2. Next, write the name of the person or institution who will receive the slip in the Payee section. Make sure you spell the names correctly. More importantly, write as legibly as you can in print letters instead of cursive, so it’s easier to read.
  3. After that, write the numeric check amount, including the dollar and cents.
  4. Then, fill out the written check amount in block letters.
  5. Verify that the information you’ve written down is accurate. Confirm that everything is spelled correctly too.
  6. Once you’re sure that the details are correct, sign the check. Most of these slips have a line at the bottom where your signature is supposed to be.
  7. Before you deposit the check, you might want to add details in the Memo Line. You may place additional information such as the purpose of your deposit. People usually need to fill in this part when the check is for paying bills.
  8. You may want to record your submission on a check register. This will help you keep track of all the money you’ve sent.

Why do people still use checks nowadays?

This is a person learning how to fill out a check.

Nowadays, people can order virtually any product or service using the internet. That’s why some people may find it hard to believe that others still use checks for payments.

This is a common practice in the United States. According to the Pew Research Center, 7% of Americans still don’t use the internet as of early 2021.

These people include the elderly and those with low household incomes. In some cases, it’s the only way for an American to pay certain bills.

Some US companies charge an additional processing fee for using credit cards to pay bills, but they won’t charge a cent for checks. People may still pay taxes by sending checks to the IRS.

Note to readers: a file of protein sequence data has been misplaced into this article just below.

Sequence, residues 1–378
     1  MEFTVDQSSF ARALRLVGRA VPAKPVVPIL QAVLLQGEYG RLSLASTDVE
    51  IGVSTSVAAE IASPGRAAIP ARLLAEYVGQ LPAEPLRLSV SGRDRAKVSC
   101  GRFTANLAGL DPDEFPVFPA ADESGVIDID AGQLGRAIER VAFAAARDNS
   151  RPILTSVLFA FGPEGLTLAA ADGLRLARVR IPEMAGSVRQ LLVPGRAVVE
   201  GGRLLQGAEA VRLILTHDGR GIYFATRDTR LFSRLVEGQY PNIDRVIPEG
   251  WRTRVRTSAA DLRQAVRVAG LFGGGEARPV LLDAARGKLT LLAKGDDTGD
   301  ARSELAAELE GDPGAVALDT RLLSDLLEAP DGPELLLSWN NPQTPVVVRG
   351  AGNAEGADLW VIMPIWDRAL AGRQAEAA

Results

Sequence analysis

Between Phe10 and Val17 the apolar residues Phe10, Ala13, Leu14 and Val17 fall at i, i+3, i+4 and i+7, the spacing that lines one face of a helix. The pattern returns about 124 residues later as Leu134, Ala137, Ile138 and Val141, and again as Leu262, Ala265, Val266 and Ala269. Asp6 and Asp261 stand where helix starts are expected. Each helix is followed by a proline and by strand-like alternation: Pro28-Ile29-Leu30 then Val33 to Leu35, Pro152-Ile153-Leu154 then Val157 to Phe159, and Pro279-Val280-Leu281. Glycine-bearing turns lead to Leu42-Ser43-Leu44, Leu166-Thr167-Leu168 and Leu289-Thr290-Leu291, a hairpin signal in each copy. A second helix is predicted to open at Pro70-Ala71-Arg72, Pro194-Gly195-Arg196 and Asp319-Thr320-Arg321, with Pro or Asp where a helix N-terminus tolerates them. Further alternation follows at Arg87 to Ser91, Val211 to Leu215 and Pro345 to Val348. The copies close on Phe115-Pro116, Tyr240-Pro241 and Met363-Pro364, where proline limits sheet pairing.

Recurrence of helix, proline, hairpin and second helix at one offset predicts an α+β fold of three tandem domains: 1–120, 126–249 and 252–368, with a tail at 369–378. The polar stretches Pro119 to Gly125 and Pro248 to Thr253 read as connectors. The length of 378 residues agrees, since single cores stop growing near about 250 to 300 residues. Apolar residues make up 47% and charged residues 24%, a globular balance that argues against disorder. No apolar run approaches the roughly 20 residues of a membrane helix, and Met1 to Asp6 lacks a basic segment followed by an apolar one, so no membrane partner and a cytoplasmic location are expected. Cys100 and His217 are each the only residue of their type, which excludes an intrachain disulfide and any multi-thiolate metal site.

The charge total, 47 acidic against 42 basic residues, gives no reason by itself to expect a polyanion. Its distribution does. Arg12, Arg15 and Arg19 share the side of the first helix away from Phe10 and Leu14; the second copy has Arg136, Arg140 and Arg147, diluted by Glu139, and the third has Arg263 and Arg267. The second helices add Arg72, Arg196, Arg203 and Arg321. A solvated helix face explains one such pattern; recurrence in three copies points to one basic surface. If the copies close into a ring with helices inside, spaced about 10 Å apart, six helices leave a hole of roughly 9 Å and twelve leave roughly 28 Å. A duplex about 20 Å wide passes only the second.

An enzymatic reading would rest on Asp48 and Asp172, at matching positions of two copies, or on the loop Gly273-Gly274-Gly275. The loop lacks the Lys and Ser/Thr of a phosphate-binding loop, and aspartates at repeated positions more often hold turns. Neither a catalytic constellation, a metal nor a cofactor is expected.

Various establishments and individuals still accept checks as a mode of payment, such as small businesses and some landlords. As I said, it may come in handy during an emergency.

We’ve been used to handling transactions via online services, but electricity supply and internet access aren’t always reliable. If not, you might find yourself unable to use these services.

Learning how to fill out a check could give you an offline way to send funds. You may compare this to first aid skills. Once the need arises, you’ll know what to do.

Why don’t most people use checks anymore?

The biggest reason why most people don’t use checks nowadays is that they’re unsafe. When you fill out a check, you’re putting a lot of sensitive information on a piece of paper.

You could lose that slip while you’re filling it out, or someone could sneak a peek at the details. If those bits of information fall into the wrong hands, they could empty your bank account!

What’s more, the Federal Reserve’s regulations make it easier to restore stolen funds from electronic checks. You don’t get similar protections when using paper checks.

People have been using checks for decades, so they eventually came up with various ways to commit check fraud. In other words, it’s much easier to get scammed when using checks.

If you do need to use a check, you must proceed with caution. Follow these steps to make sure your fund and sensitive information are safe from prying eyes:

  • Keep a record of all the checks you’ve written. As I’ve said, use a check register.
  • Place your checkbook in a safe and secure place.
  • Submit letters containing paper checks at the post office, so you’re sure that only federal workers will be handling them.
  • Use a fraud-resistant pen when writing the details. Some people know how to erase regular ink, so they could use your signed check for themselves.

Final thoughts

You now know how to fill out a check, but this will likely be for emergencies only. After all, it’s much easier and safer to use online methods.

For example, you could just enter your checking account details when paying for online purchases. If you want to avoid debt, you might want to use a debit card instead.

Still, you have to be careful about your banking information. Never let anyone else handle your cards, and keep others from seeing their details.